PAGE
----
Google agrees to delete Incognito data despite prior claim that’s “impossible”

Google agrees to delete Incognito data despite prior claim that’s “impossible”

To settle a class-action dispute over Chrome’s “Incognito” mode, Google has agreed to delete billions of data records reflecting users’ private browsing activities.

In a statement provided to Ars, users’ lawyer, David Boies, described the settlement as “a historic step in requiring honesty and accountability from dominant technology companies.” Based on Google’s insights, users’ lawyers valued the settlement between $4.75 billion and $7.8 billion, the Monday court filing said.

Under the settlement, Google agreed to delete class-action members’ private browsing data collected in the past, as well as to “maintain a change to Incognito mode that enables Incognito users to block third-party cookies by default.” This, plaintiffs’ lawyers noted, “ensures additional privacy for Incognito users going forward, while limiting the amount of data Google collects from them” over the next five years. Plaintiffs’ lawyers said that this means that “Google will collect less data from users’ private browsing sessions” and “Google will make less money from the data.”

“The settlement stops Google from surreptitiously collecting user data worth, by Google’s own estimates, billions of dollars,” Boies said. “Moreover, the settlement requires Google to delete and remediate, in unprecedented scope and scale, the data it improperly collected in the past.”

Google had already updated disclosures to users, changing the splash screen displayed “at the beginning of every Incognito session” to inform users that Google was still collecting private browsing data. Under the settlement, those disclosures to all users must be completed by March 31, after which the disclosures must remain. Google also agreed to “no longer track people’s choice to browse privately,” and the court filing said that “Google cannot roll back any of these important changes.”

Notably, the settlement does not award monetary damages to class members. Instead, Google agreed that class members retain “rights to sue Google individually for damages” through arbitration, which, users’ lawyers wrote, “is important given the significant statutory damages available under the federal and state wiretap statutes.”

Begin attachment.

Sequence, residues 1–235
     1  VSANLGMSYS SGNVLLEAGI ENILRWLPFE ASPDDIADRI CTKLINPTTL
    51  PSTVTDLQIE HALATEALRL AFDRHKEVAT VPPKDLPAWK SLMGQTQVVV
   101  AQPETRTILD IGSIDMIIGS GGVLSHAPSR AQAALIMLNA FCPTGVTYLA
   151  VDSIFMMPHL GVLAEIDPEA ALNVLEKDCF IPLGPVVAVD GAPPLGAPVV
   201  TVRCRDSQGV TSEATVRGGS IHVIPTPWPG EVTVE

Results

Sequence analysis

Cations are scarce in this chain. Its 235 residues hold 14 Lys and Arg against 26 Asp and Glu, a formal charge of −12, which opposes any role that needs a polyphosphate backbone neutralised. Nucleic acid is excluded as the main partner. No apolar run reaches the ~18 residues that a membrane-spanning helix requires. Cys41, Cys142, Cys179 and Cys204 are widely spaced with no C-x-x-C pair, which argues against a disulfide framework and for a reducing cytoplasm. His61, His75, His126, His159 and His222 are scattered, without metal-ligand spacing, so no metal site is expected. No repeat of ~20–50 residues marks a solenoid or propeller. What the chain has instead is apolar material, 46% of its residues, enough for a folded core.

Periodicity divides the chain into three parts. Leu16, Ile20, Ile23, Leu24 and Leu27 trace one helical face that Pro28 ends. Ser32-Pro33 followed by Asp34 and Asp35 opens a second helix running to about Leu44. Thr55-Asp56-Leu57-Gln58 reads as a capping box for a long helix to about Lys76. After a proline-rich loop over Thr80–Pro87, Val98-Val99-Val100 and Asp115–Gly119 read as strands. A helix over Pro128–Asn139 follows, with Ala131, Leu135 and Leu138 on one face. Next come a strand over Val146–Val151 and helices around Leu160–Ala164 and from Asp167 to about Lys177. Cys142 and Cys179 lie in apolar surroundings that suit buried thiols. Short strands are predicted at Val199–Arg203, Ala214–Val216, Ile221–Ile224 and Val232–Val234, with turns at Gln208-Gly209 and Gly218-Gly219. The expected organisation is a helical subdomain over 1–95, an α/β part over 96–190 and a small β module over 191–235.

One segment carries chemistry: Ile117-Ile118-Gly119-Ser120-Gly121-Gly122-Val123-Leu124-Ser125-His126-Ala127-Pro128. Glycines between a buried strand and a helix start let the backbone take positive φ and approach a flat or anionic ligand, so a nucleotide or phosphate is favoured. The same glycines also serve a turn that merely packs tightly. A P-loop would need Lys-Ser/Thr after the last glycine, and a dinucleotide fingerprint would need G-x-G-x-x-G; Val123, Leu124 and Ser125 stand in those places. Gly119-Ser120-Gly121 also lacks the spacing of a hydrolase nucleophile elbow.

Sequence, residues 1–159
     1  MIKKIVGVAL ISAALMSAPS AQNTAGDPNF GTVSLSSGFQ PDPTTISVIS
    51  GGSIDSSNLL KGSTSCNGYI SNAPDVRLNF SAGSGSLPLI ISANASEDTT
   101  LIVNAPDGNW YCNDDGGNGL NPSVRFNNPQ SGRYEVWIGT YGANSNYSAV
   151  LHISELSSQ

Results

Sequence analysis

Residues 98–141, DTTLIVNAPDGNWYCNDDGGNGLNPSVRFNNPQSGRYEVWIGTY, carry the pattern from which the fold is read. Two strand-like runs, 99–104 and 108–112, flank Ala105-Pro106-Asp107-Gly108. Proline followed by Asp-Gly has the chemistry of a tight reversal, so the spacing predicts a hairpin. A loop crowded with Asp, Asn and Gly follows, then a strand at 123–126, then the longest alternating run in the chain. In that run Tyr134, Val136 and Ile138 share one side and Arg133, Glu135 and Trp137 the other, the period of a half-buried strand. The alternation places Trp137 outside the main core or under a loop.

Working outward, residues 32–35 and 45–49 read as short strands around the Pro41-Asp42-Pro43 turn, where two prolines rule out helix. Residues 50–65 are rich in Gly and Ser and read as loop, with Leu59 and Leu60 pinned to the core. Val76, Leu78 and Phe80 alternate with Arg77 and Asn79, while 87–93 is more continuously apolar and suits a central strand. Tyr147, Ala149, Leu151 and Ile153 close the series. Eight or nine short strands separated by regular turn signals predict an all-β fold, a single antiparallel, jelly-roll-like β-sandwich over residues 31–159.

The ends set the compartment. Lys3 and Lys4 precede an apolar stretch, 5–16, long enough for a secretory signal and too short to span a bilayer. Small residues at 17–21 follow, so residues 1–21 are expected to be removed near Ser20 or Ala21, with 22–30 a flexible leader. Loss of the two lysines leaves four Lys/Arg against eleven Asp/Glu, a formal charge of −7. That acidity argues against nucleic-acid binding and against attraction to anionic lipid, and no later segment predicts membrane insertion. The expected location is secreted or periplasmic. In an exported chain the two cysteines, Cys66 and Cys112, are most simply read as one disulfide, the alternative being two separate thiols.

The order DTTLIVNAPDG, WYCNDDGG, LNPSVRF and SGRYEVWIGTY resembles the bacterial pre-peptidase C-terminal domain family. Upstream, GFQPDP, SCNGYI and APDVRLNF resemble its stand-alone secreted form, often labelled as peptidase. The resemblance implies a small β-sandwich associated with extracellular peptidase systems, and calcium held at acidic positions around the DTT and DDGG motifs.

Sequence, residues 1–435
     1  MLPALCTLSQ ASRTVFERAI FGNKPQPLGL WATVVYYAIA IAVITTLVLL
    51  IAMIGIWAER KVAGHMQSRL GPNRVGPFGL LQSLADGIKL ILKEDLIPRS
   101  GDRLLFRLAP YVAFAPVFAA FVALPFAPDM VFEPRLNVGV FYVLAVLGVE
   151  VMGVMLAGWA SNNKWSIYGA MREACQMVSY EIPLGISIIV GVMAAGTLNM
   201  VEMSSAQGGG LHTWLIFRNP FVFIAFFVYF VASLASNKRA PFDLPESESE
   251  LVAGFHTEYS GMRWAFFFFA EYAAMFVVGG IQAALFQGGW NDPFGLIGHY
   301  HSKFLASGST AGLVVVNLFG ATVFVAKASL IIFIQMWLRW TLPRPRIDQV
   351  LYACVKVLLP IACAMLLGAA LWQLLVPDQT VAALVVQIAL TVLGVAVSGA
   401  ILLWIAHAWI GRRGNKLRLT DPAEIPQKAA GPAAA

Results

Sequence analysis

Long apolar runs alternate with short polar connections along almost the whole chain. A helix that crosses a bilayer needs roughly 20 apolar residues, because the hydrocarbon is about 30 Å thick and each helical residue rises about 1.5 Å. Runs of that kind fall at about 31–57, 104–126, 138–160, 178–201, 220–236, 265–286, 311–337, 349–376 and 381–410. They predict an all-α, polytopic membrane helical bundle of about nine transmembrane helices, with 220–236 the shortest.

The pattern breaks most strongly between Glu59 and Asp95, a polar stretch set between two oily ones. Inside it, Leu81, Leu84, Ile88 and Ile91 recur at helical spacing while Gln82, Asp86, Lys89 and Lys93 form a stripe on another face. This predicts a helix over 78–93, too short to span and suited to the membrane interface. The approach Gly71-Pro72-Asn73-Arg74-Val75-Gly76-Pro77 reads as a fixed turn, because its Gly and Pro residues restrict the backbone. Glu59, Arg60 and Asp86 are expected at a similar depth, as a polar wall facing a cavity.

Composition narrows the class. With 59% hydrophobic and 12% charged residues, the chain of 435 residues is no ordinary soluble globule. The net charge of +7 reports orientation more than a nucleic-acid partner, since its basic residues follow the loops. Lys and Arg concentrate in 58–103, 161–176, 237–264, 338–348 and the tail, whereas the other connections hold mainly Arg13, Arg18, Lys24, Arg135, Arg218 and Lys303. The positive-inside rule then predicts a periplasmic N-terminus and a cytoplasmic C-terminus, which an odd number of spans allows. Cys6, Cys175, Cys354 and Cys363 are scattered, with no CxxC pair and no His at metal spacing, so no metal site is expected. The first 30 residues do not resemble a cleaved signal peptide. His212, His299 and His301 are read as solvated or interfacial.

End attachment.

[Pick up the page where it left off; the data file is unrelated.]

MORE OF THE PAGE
“These claims remain available for every single class member, and a very large number of class members recently filed and are continuing to file complaints in California state court individually asserting those damages claims in their individual capacities,” the court filing said.

While “Google supports final approval of the settlement,” the company “disagrees with the legal and factual characterizations contained in the motion,” the court filing said. Google spokesperson José Castañeda told Ars that the tech giant thinks that the “data being deleted isn’t as significant” as Boies represents, confirming that Google was “pleased to settle this lawsuit, which we always believed was meritless.”

“The plaintiffs originally wanted $5 billion and are receiving zero,” Castañeda said. “We never associate data with users when they use Incognito mode. We are happy to delete old technical data that was never associated with an individual and was never used for any form of personalization.”

While Castañeda said that Google was happy to delete the data, a footnote in the court filing noted that initially, “Google claimed in the litigation that it was impossible to identify (and therefore delete) private browsing data because of how it stored data.” Now, under the settlement, however, Google has agreed “to remediate 100 percent of the data set at issue.”

Mitigation efforts include deleting fields Google used to detect users in Incognito mode, “partially redacting IP addresses,” and deleting “detailed URLs, which will prevent Google from knowing the specific pages on a website a user visited when in private browsing mode.” Keeping “only the domain-level portion of the URL (i.e., only the name of the website) will vastly improve user privacy by preventing Google (or anyone who gets their hands on the data) from knowing precisely what users were browsing,” the court filing said.

Because Google did not oppose the motion for final approval, US District Judge Yvonne Gonzalez Rogers is expected to issue an order approving the settlement on July 30.

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